Services for the Health in Asian & African Regions (SHARE) = SHARE is a citizen sector organization (NGO) that engages in international cooperation mainly through providing health service.

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The Current Situation


Beginning in 1981 when the first case of HIV was recorded, HIV has become a worldwide pandemic and global health concern. According to reports published by UNAIDS and the World Health Organization (WHO), at the end of the year 2004 there were approximately 39.4 million people (between 35.9 and 44.3 million) living with HIV around the world. This number is only increasing, as the year 2004 alone brought a high of 4.9 million newly HIV infected people and 3.1 million deaths from AIDS. Out of the 39.4 million people infected with HIV, about two-thirds, or 25.4 million people, reside in sub-Saharan Africa. The second highest infection rate is that of Southeast Asia, with about 7.1 million HIV-positive cases, followed by Latin America with 1.7 million cases, and finally Central and East Asia. Although the spread of HIV is a global phenomenon, infection rates in Central and East Asia as well as in Eastern European countries have risen quite dramatically over the past 2 years.
In addition, over half of the world's HIV-positive community consists of women and children, and this number has risen substantially over the past few years as well. The high number of women is most likely due to the lower social status of women in many countries around the world, as their lower status stunts their ability to receive education and find employment. Therefore, UNAIDS emphasizes the need to decrease female infection rates in order to slow the spread of the HIV virus as a whole.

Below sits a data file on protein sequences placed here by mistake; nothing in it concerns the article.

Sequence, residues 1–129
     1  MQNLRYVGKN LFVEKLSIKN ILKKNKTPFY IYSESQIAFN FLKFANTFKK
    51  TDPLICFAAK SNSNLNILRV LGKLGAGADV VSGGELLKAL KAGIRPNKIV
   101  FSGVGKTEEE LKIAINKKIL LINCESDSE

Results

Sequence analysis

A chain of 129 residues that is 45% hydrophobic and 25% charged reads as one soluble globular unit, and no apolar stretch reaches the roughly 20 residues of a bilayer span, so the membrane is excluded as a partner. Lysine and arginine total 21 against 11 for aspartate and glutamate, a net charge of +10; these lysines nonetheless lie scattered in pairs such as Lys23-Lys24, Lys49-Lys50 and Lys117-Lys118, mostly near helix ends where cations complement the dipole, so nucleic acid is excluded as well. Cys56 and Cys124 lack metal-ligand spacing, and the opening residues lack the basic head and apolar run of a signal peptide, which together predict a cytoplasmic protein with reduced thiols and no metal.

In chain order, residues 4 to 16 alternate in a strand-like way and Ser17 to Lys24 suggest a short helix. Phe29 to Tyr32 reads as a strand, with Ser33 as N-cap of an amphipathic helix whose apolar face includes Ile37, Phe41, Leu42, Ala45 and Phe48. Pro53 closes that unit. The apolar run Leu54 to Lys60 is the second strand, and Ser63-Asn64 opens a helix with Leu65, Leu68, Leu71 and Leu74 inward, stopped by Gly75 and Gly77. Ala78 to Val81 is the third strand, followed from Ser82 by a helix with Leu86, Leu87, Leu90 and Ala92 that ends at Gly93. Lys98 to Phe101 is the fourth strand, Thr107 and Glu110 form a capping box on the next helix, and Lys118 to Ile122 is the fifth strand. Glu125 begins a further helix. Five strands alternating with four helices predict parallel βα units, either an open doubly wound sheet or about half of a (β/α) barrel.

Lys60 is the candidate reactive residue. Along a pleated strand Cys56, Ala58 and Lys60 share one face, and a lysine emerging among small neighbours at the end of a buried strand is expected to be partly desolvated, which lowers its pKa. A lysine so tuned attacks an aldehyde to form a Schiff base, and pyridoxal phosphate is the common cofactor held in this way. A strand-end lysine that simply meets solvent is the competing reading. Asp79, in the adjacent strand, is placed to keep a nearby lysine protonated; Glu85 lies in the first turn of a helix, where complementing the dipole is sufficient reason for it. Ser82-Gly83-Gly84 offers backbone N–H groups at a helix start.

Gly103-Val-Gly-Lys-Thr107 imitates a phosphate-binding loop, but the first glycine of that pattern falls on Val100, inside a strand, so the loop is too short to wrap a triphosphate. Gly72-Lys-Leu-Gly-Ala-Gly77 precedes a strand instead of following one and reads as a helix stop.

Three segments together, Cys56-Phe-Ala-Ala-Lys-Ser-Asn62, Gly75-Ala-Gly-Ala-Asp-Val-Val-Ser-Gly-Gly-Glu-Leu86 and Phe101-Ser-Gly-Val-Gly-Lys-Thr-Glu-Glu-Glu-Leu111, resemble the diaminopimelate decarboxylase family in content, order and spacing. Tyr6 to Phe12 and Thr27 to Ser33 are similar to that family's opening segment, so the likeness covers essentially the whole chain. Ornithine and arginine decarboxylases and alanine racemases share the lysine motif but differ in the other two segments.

Alongside the dramatic increase of HIV cases around the world, there has been an increase in efforts as well as spending pertaining to HIV prevention and treatment. It has become much easier for HIV-positive patients to gain access to treatment, and information about the disease as well as prevention techniques has become much more accessible. However, even in areas where treatment is readily available, many are unable to receive treatment due to class differences and regional differentials, decreasing the number of HIV-positive patients who are treated for their sickness. In the year 2004, for example, a mere 44 thousand people were treated for HIV, and almost none of these people were living in sub-Saharan Africa, where treatment is needed most. 9 out of 10 people who need treatment in order to survive reside in this part of Africa, but only a small percentage of these people are able to receive treatment every year--a sign that HIV/AIDS related deaths are still surpassing the number of HIV/AIDS cases being treated. This pinpoints the weaknesses in current HIV/AIDS treatment efforts, and emphasizes the fact that every region must redouble its efforts to ensure the most people possible are getting treated for HIV.

*UNAIDS HIV/AIDS Update (2004)

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